A Home Appraiser Spotted a 500-Year-Old Brueghel Painting in a Family’s T.V. Room. They Just Sold It for $845,000

For generations, the family that owned the artwork believed it was a cheap knockoff.

A visitor takes a picture of the painting L'avocat du village (c. 1615-1617) by the Flemish artist Pieter Brueghel the Younger on the eve of its auction sale in Paris on March 27, 2023. Photo: Christophe Archambault/AFP via Getty Images.

Earlier this year, a family in northern France called on auctioneer Malo de Lussac to appraise the value of their home. But when the expert arrived, he spotted something potentially even more valuable: a 500-year-old painting by the Flemish artist Pieter Brueghel the Younger.

“I arrived in a small television room which was not very well lit. I started making my estimates in the living room and turning around behind the door, there were two-thirds of the painting visible,” de Lussac, who works for Paris’s Daguerre Val de Loire auction house, told the Associated Press. “And that’s when in fact I discovered the painting. It was a bit of a surprise.”

The artwork, believed to have been painted between 1615 and 1617, highlighted Daguerre Val de Loire’s auction of drawings, paintings, and autographs in Paris this week. It carried a pre-sale estimate of €600,000 to €800,000 ($650,000 to $866,000). 

After a bidding battle, the painting sold for €780,000 ($845,000), including fees, to an unnamed Swiss buyer.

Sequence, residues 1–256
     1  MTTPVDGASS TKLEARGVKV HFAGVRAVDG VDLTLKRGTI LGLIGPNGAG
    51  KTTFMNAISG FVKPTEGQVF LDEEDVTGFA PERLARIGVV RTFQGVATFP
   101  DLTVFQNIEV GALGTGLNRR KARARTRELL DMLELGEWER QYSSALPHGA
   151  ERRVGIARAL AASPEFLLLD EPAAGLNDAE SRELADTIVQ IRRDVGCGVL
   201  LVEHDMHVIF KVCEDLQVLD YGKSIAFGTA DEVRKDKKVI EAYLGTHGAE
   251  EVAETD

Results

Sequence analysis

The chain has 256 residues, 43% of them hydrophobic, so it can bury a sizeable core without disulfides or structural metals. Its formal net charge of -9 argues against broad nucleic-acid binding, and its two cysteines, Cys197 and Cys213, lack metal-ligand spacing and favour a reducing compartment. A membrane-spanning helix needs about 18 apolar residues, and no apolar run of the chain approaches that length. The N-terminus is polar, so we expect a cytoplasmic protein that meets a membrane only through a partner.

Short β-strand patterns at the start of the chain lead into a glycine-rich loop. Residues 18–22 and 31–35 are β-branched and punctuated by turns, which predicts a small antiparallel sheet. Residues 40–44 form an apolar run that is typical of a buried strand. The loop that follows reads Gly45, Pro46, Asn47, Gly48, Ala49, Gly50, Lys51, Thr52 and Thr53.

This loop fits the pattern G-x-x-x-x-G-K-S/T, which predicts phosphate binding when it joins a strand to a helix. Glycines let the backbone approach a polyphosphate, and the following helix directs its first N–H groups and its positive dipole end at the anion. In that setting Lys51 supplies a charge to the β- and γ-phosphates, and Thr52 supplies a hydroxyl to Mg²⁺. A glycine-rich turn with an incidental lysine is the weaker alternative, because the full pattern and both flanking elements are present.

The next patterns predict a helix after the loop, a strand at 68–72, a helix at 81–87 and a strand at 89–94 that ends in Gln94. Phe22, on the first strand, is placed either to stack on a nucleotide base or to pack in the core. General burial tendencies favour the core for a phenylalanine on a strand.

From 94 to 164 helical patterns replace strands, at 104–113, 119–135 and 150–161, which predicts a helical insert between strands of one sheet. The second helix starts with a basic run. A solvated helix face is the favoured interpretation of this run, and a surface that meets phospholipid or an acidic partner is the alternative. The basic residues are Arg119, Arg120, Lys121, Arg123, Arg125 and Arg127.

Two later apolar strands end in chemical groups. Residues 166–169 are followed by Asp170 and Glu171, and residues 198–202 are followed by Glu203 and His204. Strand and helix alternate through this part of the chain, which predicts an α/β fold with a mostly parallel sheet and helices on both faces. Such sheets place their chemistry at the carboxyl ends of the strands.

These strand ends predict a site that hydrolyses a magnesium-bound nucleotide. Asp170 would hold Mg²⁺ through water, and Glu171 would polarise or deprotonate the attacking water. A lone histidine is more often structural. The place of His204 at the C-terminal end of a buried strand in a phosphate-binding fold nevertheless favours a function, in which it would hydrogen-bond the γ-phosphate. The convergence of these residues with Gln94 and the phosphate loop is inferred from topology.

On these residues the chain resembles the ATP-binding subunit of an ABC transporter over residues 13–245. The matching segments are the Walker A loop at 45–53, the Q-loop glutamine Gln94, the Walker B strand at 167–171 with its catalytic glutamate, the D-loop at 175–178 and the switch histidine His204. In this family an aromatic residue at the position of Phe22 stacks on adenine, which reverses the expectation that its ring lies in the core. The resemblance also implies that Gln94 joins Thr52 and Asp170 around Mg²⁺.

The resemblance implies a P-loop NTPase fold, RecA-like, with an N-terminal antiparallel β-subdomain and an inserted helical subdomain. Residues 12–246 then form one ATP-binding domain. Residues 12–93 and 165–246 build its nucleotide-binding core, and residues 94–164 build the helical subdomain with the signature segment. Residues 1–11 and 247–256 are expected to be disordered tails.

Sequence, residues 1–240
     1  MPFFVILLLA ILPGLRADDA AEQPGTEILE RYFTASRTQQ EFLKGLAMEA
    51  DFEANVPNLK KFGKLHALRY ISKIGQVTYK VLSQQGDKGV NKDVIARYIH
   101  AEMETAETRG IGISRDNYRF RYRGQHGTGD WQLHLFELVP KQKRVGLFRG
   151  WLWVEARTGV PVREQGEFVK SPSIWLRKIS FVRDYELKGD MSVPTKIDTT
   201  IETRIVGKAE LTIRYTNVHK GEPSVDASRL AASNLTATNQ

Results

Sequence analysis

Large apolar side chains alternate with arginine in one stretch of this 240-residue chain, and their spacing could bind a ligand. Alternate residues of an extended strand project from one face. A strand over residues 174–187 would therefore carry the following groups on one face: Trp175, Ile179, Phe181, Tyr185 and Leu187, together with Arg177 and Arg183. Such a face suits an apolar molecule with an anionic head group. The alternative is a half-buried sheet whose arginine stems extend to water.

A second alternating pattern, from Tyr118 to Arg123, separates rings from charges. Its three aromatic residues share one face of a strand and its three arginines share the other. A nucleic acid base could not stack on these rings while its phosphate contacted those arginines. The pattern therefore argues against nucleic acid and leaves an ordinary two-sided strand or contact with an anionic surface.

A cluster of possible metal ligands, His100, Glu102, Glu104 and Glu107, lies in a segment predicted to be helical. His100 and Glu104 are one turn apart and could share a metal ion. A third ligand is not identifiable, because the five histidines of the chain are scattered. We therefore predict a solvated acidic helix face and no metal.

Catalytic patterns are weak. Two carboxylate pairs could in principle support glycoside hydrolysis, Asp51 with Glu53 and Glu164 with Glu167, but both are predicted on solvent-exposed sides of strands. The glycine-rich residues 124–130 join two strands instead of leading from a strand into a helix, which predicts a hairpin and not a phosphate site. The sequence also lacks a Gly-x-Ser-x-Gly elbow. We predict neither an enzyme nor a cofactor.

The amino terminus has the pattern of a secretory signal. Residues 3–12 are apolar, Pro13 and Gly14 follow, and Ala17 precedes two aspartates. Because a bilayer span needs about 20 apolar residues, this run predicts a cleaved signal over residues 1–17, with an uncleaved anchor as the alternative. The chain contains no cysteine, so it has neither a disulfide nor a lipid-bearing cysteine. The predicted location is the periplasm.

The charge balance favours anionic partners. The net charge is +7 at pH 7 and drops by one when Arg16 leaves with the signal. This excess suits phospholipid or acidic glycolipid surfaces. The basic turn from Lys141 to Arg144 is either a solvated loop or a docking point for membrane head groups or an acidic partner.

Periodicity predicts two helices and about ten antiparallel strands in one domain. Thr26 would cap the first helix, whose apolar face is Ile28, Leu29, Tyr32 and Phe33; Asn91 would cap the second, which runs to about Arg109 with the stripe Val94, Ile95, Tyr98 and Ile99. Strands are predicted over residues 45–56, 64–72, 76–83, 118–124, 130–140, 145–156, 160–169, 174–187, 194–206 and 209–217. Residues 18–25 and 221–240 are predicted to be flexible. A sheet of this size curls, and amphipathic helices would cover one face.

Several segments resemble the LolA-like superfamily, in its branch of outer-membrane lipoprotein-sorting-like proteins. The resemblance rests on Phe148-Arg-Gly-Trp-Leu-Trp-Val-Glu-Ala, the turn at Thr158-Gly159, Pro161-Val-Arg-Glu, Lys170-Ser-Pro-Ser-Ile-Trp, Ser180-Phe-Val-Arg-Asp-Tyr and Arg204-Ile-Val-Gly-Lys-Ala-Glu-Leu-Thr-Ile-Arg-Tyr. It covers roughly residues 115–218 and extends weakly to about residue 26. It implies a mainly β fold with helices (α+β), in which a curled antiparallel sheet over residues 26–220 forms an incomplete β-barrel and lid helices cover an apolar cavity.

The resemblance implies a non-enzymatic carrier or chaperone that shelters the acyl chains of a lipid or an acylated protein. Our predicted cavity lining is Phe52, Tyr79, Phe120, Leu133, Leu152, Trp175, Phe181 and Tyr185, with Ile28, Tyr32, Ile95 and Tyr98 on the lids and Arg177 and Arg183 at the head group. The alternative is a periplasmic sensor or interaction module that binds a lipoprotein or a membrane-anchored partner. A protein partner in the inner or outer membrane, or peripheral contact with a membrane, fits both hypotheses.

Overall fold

Prior to the sale, the painting had been with the same family since 1900. As it was passed down from generation to generation, information about the work was lost. 

By the time de Lussac espied the painting, the family—which has chosen to remain anonymous—had long assumed it to be a cheap reproduction of an original. They called it “the Brueghel” as a joke. 

Pieter Brueghel the Younger, L’avocat du village (c. 1615-1617). Courtesy of Daguerre and Drouot.

“The family ancestors bought the painting as an original, but over the years the real story was completely lost orally,” the auctioneer said. “Yes, they called it the Brueghel, but they had no idea it actually was!”

De Lussac called the discovery “the biggest moment of my career,” even if he tempered expectations upon first laying eyes on the artwork. “Of course I was cautious. It is after all rather rare to find a Brueghel hanging in a television room,” he said.

After the expert’s visit, the family sent the canvas to Germany, where experts confirmed it to be a genuine Brueghel. 

The painting, titled L’Avocat du village (or The Village Lawyer), depicts a bustling scene in an office, where villagers are lined up to meet with a local lawyer. At 72 inches wide, it’s by far the largest of the many versions of the same picture painted by Brueghel. Another authenticated rendition of the painting lives in the collection of the Louvre, for instance; it measures only 31 inches.

Born in Brussels in 1564, Brueghel painted pastoral landscapes and village scenes, as well as reproductions of works by his father, Pieter Brueghel the Elder, who is widely recognized as one of the most influential artists of the Dutch renaissance era.

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